Campground Celebrates Halloween in Spooky Style
Editor's Note: Many RV parks and campgrounds, both private and public, across the U.S. celebrated Halloween in recent days. Here is an account from the Louisville (Ky.) Courier Journal reported on one campground's observance of this festive holiday.
Walking past dangling skeletons and yellow caution tape Saturday (Oct. 31), Wolfgang Lawson put the finishing touches on the haunted woods he was creating with his daughter Jacque Albers.
“We love scaring people,” Albers said. “We love Halloween.”
The family from Mauckport, Ind., reserved three of the 280 campsites at the O’Bannon Woods State Park near Corydon, Ind., for the park’s annual Halloween Camping Weekend Friday and Saturday. The event offered crafts, a hike, hay rides, pumpkin carving, a decorating contest, story telling, trick or treating and more.
Friday’s rain drove most of the campers under shelter, so many spent Saturday afternoon decorating.
One of them was Lester Best, who strung bat-shaped lights from his camper’s awning as his wife Barbara Best contemplated the perfect placement for a skeleton.
This was the couple from Jeffersonville’s (Ind.) third time at the Halloween event.
“This is the most decorations we’ve had,” said Barbara Best. “The first year we just borrowed a string of lights from a friend.”
The highlight of the weekend was to be Saturday night’s trick or treating among the decorated campsites. Campers were to vote for their favorite spooky decorations and winners would get awards.
“It’s very safe trick or treating compared to some of the neighborhoods you might take your kids to,” said Jarrett Manek, the park’s full-time naturalist.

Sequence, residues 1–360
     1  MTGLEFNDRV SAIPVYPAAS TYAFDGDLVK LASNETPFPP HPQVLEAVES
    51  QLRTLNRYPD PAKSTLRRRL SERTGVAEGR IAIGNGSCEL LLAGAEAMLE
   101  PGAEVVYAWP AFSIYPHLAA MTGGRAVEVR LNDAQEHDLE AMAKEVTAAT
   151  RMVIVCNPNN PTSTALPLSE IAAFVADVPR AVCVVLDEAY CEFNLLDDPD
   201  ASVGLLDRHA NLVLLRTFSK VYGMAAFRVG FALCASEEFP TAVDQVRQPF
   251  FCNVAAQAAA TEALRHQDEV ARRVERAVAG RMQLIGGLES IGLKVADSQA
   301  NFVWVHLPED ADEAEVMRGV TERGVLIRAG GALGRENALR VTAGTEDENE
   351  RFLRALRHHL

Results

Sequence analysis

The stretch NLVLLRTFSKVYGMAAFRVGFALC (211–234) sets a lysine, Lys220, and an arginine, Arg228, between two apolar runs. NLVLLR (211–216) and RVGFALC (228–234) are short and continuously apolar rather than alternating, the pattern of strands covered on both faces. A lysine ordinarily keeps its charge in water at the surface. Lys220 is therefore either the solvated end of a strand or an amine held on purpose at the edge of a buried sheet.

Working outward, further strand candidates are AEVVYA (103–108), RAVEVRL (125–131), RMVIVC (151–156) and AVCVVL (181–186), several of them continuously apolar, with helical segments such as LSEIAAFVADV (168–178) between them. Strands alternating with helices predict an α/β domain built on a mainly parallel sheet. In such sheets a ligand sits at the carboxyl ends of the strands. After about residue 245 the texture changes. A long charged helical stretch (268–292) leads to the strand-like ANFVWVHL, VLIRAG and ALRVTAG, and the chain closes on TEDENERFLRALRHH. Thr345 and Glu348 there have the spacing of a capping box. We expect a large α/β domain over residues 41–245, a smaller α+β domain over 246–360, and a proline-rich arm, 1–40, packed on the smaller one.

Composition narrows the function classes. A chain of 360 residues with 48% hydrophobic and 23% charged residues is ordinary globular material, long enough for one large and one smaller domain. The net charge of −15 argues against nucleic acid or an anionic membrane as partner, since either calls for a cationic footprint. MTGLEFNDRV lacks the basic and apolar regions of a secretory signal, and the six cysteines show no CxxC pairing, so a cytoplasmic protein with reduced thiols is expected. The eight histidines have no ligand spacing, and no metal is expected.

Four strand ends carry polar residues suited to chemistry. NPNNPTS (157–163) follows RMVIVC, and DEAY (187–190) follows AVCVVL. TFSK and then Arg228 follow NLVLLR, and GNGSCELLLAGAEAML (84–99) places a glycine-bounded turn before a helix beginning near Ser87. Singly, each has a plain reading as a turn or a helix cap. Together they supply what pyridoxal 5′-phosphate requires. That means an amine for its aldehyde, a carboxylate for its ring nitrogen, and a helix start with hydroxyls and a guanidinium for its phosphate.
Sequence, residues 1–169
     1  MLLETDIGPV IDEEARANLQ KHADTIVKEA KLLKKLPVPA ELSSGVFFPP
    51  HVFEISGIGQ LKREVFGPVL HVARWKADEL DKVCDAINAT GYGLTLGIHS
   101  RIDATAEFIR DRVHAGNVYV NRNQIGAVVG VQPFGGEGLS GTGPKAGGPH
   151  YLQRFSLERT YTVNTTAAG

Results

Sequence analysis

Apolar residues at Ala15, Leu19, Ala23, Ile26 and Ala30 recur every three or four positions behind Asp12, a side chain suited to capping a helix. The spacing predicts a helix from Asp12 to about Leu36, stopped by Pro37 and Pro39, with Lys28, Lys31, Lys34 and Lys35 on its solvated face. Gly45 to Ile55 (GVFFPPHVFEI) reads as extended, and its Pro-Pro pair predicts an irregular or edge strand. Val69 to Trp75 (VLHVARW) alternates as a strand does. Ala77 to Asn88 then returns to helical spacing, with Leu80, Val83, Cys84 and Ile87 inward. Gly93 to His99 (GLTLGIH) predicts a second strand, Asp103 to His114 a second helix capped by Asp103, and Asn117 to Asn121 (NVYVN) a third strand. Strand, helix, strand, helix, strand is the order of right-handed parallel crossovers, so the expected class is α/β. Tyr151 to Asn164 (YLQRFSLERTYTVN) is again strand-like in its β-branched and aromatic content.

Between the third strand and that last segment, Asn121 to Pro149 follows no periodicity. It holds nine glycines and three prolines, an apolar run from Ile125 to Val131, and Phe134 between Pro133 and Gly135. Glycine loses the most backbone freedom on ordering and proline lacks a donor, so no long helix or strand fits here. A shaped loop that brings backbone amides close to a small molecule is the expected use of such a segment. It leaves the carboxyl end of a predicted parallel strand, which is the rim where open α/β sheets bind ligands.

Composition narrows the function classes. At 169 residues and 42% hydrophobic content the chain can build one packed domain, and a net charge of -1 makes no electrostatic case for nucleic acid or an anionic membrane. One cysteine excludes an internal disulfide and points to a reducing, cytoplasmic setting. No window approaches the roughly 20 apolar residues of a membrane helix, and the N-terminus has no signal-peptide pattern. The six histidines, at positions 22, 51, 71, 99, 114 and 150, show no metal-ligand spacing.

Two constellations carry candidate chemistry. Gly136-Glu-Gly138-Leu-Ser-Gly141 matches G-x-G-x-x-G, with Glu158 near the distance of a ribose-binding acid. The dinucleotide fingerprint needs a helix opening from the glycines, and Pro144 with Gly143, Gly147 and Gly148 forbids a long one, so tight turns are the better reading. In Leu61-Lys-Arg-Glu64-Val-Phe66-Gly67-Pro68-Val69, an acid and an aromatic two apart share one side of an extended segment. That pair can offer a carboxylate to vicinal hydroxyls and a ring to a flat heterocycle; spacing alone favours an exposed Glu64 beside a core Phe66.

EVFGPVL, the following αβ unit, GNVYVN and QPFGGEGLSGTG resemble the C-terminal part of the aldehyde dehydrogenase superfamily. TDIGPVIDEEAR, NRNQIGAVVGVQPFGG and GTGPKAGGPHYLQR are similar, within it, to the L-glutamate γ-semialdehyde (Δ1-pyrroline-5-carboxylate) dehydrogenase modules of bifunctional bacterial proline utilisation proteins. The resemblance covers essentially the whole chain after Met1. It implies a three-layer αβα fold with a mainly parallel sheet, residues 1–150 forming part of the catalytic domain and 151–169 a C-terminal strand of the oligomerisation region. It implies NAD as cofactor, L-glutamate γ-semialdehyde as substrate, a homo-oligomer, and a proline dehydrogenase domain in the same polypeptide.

Cars are prohibited in the campgrounds during the hour and a half trick-or-treating time.
Chris and Andrea Hall of Lanesville, Ind., brought their children, Kaidyn, 6, and Nolyn, 2. “We’ve got a big group here,” said Andrea Hall. “Last year was our first. We’re going to make it an annual event.”
The event is now in its fourth year, and this time the park decided to partner with the Central Clovers 4-H Club.
“It’s turned out wonderful,” Manek said. “They are doing the door prizes and activities. We are doing the hay rides, bon fire and things like that.”
A scavenger hunt led visitors throughout the park. “It’s a great way to introduce people to the park and what we have here,” Manek said.
In the months leading to the event, the 4-H club solicited donations that allowed them to provide pet rocks, nature journals, soap carving, wood necklaces and a design-your-own-bug activity.
Bandon Carter, 10, came from Brandenburg, Ky., with his family for the weekend. “It’s a lot of fun,” he said. “I love Halloween.”
There were also educational programs on topics such as bees, trees and snakes.
A chili cook-off preceded the trick or treating and the evening was to end with spooky stories and legends around a bonfire.
“This is our first year doing this,” said Susan Salings, the 4-H Club leader. “It’s worked out really well and we’ve already scheduled next year’s event.”